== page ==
Psychotherapy, or “talk therapy,” comes in many different forms. It can be

  • a traditional appointment with a therapist

  • an online site that provides virtual or text therapy

  • a support group

  • a talk with a trusted role model or reliable third party

Feeling like you have the undivided attention, time, and support is a necessity. Life is too tough to manage alone and therapy is crucial for those struggling with anxiety, trauma, and/or depression.

Therapy is really helpful even at times when you don’t feel like you are struggling. It is beneficial for everyone to learn more about yourself, your priorities, and how you can improve your daily life.

In general, any form of therapy is beneficial in bettering daily life. Therapy helps:

  • Communicate feelings, dreams, and fears

  • Teach life-long coping skills

  • Build stronger relationships with friends and family

  • Get everything off your chest with someone who is objective and non-judgemental

Find a therapist you connect with, who can empathize, and offer you tools for regaining hope and strength. Make sure you feel safe and understood.

It is okay if you don’t click with your first one or even 10, but keep trying and remember they can only help when you open your heart and be true to yourself.

Check in at your school health center to see if therapy is provided or use these sources to find the support:

Free online assessment –

Other sources:

Talk to a friend if you are struggling to find one on your own. Even if you don’t think you need a recommendation, ask a friend (or anyone) if they know a good therapist nearby.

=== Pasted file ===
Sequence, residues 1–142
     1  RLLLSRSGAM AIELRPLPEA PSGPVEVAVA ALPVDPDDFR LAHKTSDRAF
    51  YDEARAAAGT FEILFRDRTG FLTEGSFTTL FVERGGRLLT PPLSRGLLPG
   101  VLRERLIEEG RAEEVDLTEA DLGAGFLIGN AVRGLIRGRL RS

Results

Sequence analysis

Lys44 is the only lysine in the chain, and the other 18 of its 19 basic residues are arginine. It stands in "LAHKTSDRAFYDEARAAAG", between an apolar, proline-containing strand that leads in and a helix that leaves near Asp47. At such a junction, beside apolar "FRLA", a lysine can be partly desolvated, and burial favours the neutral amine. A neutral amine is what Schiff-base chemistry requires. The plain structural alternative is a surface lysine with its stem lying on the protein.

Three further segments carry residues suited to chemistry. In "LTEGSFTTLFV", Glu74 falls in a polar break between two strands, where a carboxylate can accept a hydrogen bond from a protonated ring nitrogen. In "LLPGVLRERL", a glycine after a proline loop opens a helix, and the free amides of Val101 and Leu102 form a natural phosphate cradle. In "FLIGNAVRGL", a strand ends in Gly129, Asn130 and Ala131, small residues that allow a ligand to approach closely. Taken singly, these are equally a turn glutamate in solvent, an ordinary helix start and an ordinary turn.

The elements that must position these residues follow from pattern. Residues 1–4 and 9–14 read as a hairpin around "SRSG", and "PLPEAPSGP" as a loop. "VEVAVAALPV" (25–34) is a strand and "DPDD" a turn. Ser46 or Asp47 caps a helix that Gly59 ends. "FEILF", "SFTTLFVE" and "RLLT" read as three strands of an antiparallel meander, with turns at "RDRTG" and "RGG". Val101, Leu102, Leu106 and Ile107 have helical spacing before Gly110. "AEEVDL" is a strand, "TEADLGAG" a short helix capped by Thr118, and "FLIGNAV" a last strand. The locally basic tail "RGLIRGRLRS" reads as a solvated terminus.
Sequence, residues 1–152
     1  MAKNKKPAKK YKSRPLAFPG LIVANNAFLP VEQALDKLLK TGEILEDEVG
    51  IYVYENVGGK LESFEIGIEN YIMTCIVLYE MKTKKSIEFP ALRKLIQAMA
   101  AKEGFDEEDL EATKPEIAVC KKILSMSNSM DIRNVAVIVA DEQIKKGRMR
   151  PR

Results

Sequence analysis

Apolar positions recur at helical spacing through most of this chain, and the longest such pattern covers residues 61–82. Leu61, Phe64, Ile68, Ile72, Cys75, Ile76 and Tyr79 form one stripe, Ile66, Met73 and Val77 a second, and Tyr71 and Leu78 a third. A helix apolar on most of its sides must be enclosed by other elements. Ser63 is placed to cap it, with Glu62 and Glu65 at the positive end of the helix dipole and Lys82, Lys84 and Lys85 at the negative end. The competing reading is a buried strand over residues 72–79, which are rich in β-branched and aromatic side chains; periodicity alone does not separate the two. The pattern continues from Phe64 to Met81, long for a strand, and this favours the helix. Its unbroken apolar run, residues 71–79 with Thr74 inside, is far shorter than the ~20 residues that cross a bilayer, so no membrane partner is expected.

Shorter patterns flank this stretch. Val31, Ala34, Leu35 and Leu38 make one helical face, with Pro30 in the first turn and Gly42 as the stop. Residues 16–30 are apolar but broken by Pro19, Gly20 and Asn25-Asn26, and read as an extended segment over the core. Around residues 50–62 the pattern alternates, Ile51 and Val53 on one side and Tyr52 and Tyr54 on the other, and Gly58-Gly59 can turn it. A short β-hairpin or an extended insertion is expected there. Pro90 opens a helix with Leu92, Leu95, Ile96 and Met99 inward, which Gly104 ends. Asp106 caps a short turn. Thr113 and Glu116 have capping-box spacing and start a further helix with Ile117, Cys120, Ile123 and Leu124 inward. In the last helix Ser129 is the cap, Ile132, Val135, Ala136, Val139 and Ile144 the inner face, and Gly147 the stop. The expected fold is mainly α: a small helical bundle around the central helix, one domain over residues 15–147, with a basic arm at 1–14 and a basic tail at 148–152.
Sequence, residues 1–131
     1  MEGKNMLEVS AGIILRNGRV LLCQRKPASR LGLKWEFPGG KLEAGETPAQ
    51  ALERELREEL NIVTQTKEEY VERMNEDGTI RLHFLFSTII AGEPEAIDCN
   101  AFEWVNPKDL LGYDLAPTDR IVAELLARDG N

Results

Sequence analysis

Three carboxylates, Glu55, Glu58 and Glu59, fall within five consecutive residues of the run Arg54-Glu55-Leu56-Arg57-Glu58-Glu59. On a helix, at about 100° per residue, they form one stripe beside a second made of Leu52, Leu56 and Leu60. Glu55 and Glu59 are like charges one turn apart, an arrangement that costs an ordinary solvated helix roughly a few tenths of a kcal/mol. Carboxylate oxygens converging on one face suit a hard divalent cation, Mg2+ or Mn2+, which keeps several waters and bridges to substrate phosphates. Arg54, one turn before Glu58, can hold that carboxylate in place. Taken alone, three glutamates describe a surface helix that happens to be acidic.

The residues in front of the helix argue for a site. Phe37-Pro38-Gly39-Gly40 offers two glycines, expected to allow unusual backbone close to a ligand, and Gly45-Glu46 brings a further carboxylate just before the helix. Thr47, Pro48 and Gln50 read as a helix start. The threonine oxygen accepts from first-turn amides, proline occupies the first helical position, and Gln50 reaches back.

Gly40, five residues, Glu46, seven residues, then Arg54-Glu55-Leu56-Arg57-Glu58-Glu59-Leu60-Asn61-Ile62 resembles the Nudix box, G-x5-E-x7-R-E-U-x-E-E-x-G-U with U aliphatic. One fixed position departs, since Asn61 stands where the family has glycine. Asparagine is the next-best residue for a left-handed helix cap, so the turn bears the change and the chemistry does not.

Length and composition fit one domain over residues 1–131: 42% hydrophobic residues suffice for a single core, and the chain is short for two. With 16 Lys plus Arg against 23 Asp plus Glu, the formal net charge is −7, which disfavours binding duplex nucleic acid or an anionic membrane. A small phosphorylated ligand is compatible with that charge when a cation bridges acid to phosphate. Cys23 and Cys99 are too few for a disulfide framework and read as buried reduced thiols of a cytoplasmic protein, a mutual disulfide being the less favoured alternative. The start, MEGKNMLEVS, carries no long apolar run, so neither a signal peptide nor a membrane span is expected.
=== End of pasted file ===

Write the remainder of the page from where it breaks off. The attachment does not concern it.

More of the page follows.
Normalize seeking help. You never know who might need the extra push to seek therapy or the simple reminder that it’s okay not to be okay. Help break the awkward silence surrounding mental health.

Be prepared for a loved one to come to you during their heartaches and hardships, but know that it is okay if you don’t know how exactly to help. Just by reading this you are doing your part to be a better friend or family member.

  1. Just listen

  2. Reserve any judgment and only offer advice if they ask for it

  3. Think of words, phrases, mantras that you might need to hear in a time of crisis – have encouragement and kindness at the tip of your tongue already

  4. Educate yourself on what they may be going through and how you can help

Being a shoulder to cry on with an open heart and soothing words is the best thing you can give. Your time, your attention, and your empathy can save lives.


Treating Trauma

  • The Body Keeps the Score by Bessel van der Kolk
  • No mud, no lotus: the art of transforming suffering by Thich Nhat Hanh

  • What Happened To You? Conversations on Trauma, Resilience and Healing by Bruce Perry

  • Call of the Wild: How We Heal Trauma, Awaken Our Power, and Use it For Good by Kimberely Johnson

  • My Grandmother’s Hands: Racialized Trauma and the Mending of Our Body and Our Hearts by Resmaa Manakem

  • Writing Into the Wound: Understanding Trauma, Truth, and Language by Roxane Gay

Growing through Grief

  • Healing After Loss by Martha Hickman
  • The Beauty of What Remains by Steve Leder

  • A Grief Observed by C.S. Lewis

  • The Light Between Us by Laura Lynn Jackson

  • Notes on Grief by Chimamanda Ngozi Adichie

  • Nurturing Healing Love by Scarlett Lewis

  • On Earth We’re Briefly Gorgeous by Ocean Vuong

Healthy Coping Skills